Have you ever looked up the definition of a “hypocrite” in a dictionary?
When I did this past week, I found the standard definition that one might expect: “A person who indulges in hypocrisy—the practice of claiming to have beliefs to which one’s own behaviour does not conform.” What I didn’t expect to find were the synonyms: a deceiver, an imposter, or a Pharisee.
Isn’t that crazy? Even if you’ve never opened up a Bible, you would have a negative perception of Pharisees. And then, if you were to open up the Bible and see what Jesus said about them and how he interacted with them, your assumptions would be confirmed. The majority of the Pharisees were, in fact, hypocrites, but I’m not sure if everyone saw them the way Jesus saw them…
In Jesus’ day, being called a Pharisee was like being named valedictorian. People in that day didn’t see them as the hypocrites that Jesus saw them as. Instead, people saw them as being the most spiritual of spiritual leaders who were passionate and zealous for God and deeply committed to growing in their faith. They studied the Scriptures diligently and wanted to live such righteous lives that they even made up extra rules in case they missed something. The only problem is that most of the Pharisees missed the forest for the trees. They were trying so hard to live such righteous lives—so that they could be ready for the coming Savior—that most of them actually completely missed the fact that Jesus, who is the Savior, had already come and was in their midst.
So when Jesus said to his disciples and the crowd in Matthew 5:20 that unless their righteousness surpassed that of the Pharisees, they would never get into the kingdom of heaven, he wasn’t doing it to pat the Pharisees on their back. And he wasn’t saying this because he wanted anyone to be like the Pharisees. He said this precisely because he knew most people couldn’t even comprehend being as spiritual as the Pharisees. And on top of that, he wanted the Pharisees to realize that even they weren’t spiritual or righteous enough to enter the kingdom of heaven.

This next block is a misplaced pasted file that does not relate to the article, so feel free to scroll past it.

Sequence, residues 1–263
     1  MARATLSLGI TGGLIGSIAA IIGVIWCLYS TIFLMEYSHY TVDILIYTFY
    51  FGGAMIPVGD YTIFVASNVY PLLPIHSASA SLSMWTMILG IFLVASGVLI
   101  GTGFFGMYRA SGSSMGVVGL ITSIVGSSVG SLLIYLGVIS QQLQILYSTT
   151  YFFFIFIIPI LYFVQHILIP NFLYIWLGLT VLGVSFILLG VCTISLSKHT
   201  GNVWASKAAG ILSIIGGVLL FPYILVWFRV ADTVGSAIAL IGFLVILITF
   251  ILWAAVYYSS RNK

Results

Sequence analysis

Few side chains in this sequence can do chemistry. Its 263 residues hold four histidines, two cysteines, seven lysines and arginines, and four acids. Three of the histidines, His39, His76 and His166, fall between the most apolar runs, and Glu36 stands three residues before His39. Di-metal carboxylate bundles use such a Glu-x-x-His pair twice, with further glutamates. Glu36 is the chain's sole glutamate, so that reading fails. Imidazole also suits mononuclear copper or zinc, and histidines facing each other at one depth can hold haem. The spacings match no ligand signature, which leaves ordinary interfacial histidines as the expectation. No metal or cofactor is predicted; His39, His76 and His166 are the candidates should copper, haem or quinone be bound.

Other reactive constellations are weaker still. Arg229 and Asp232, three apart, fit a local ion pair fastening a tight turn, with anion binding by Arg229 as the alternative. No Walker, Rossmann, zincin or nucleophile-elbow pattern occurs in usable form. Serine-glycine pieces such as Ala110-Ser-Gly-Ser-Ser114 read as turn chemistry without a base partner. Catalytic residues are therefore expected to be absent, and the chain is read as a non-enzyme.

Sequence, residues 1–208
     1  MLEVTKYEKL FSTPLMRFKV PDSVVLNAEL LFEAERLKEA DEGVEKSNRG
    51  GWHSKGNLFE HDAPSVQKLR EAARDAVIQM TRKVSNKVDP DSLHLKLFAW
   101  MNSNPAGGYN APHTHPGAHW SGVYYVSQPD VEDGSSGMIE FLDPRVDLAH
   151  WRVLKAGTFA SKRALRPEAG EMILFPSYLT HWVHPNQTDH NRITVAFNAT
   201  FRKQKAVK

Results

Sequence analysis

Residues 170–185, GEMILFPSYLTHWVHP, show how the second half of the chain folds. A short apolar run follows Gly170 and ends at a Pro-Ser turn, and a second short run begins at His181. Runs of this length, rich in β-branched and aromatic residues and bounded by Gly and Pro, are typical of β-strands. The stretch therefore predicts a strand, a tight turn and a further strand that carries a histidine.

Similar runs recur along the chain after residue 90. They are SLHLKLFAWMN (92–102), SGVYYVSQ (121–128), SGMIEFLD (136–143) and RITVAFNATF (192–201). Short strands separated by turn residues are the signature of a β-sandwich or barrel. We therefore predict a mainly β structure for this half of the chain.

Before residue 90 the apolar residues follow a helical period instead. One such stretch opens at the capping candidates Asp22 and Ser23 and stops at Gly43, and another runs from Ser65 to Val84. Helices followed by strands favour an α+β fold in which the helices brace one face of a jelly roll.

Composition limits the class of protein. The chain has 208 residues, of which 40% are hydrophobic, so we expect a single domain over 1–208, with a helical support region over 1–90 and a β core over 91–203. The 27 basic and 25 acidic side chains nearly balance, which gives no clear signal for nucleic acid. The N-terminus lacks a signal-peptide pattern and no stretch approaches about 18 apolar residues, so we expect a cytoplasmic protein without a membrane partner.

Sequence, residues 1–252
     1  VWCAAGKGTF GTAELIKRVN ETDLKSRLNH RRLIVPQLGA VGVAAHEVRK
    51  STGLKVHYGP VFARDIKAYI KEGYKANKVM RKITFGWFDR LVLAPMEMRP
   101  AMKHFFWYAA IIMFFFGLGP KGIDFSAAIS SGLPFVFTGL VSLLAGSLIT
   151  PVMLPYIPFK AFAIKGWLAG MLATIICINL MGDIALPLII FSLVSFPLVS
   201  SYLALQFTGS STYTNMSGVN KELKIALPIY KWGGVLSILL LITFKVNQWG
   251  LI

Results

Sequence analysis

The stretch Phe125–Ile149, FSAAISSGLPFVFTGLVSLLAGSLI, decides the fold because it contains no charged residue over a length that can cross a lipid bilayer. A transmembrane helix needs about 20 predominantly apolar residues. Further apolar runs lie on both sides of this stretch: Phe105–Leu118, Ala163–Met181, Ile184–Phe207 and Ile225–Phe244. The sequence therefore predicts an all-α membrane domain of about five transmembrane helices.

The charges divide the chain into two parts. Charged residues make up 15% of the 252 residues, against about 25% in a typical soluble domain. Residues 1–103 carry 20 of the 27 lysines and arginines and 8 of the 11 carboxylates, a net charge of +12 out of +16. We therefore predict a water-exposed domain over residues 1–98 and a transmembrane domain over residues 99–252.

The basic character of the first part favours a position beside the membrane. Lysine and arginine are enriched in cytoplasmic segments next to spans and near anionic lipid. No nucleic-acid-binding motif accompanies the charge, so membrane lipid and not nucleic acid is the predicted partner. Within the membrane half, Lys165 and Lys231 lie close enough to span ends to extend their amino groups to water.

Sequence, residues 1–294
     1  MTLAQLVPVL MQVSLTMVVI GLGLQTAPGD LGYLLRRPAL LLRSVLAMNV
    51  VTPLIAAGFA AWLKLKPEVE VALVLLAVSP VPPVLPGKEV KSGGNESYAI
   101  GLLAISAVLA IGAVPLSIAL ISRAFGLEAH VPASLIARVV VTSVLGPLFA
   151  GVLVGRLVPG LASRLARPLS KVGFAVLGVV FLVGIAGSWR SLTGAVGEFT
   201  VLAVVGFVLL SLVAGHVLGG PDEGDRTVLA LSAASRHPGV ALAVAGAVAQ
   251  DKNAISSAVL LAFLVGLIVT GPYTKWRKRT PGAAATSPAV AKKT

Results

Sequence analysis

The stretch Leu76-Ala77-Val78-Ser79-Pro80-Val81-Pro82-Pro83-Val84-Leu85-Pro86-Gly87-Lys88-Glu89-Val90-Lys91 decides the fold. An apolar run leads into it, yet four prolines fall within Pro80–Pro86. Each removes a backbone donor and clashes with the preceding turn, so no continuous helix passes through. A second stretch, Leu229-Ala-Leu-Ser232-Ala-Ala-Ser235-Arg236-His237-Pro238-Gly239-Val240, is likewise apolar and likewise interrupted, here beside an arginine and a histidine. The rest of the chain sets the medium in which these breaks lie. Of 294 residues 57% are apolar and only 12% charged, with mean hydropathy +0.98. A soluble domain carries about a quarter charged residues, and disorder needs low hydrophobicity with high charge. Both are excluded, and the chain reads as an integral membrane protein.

In other words, Jesus said what he said because he wanted to emphasize that salvation cannot be earned by our actions or our righteous deeds. No one can be saved by their works—not even the Pharisees, who supposedly had the best chance. Without Jesus, it’s impossible.
Here’s the point: unless you pay close attention to your life, your faith, and the source of your teaching, you have the potential to drift off course and end up like a Pharisee.
I’m convinced that even the Pharisees didn’t want to become “Pharisees.” It just gradually happened. Gradually, their righteousness drifted into hypocrisy, and their love drifted into legalism.
Now don’t get me wrong. I’m not saying that a holy desire to be righteous and loving for God are traps to becoming a Pharisee. Far from it! It’s just when that desire drifts inward and slightly off course that you might find yourself looking a little too much like a Pharisee.
1. When Righteousness Drifts into Hypocrisy
Being and becoming righteous was the responsibility for everyone and anyone who considered themselves to be a part of God’s people. So from a young age, the Pharisees made it their calling and responsibility. After all, God said, “Be holy because, I, the Lord your God, am holy” (Leviticus 19:2 CSB). The only issue is that the Pharisees became so obsessed with looking the part, that righteousness became more about external actions than inward transformation. In other words, they were hypocrites.